• Foam air filters. These filters are the cheapest but get clogged up the fastest. 
Paper Filter
Image courtesy of AML on Amazon
  • Paper air filters. Paper air filters are the cheapest, but they clog up easily. They’re also irreplaceable.
Cotton Filter
  • Cotton gauze air filter. While they’re the most expensive, they’re also the most efficient air filter among the three. They can be cleaned after every ride and do not need to be replaced frequently.

How to clean your air filter

Cleaning your dirty air filter is easy.

Just follow these steps and make sure to use the proper cleaner for air filters:

1. Remove the air filter from your dirt bike. If it has a housing, grab your trusty screwdriver and set aside the screws and bolts securing the housing. You can place a cloth over the air box to prevent debris from falling into the air box.

2. To clean the filter, use a small brush and an appropriate cleaner, such as a filter cleaning solution specifically designed for air filters. This will help remove dirt and debris, including stubborn dirt.

3. When you’re confident that you’ve removed all dirt and debris from the filter, rinse it with clean water to remove the suds from the cleaning solution.

4. Let the filter air-dry before putting it back on your dirt bike, which may take several hours or even overnight.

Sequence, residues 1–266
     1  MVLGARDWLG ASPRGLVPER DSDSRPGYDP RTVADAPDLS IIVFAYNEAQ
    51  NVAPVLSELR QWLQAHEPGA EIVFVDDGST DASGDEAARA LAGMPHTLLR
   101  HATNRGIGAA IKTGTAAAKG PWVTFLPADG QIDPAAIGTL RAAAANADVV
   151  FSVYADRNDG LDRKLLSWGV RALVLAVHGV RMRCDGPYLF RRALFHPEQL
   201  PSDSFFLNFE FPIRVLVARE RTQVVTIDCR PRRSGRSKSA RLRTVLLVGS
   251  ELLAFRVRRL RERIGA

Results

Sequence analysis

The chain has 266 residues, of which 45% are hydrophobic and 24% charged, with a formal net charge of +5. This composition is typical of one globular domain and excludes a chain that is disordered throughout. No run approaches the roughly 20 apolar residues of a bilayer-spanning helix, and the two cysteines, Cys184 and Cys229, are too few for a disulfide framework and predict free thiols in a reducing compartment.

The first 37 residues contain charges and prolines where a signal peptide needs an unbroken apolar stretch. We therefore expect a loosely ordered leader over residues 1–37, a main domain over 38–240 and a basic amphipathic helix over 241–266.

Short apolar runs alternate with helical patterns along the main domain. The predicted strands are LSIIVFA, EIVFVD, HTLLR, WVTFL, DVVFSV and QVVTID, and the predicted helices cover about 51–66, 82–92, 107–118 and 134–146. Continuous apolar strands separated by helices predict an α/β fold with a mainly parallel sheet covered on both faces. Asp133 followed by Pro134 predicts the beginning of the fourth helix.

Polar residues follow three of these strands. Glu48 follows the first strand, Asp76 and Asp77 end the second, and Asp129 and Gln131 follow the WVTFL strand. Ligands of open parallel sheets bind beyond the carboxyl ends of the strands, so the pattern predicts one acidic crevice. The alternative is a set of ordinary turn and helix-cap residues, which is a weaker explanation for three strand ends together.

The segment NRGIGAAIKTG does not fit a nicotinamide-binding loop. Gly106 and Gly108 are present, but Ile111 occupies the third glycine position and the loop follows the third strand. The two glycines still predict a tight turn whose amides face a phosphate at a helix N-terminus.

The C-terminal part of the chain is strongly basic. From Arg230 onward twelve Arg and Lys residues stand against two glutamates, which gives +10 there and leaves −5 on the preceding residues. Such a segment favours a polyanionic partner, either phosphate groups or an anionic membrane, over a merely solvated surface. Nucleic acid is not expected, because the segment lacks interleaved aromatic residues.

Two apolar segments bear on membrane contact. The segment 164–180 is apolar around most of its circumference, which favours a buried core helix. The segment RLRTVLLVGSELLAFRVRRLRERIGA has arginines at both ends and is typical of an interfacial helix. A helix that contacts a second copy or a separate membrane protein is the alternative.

4.5 For oiled filters, you’ll need to oil them after drying. Grab your air filter oil and spray it evenly on the filter’s pleats. Apply as many as possible or until all of the filter is lubricated. Allow the oil to wick for 20 minutes, then squeeze out any excess from the filter.

5. Once dried and oiled, you can put the air filter back and screw back the filter’s housing. 

Here’s a good walkthrough of how to clean and oil your dirt bike’s air filter:

Wrapping up

The air filter on a dirt bike is responsible for keeping the air in the air-fuel mixture pure and providing the power the bike needs.

A dirty air filter can lead to problems such as slower acceleration, higher fuel consumption, and increased engine wear. 

The air filter should be cleaned after every other ride or after any ride in dusty conditions or at high speeds.

To clean the air filter, remove it from the bike and scrub it with a cloth and a filter-cleaning solution. Let it dry completely and oil it if needed before replacing it.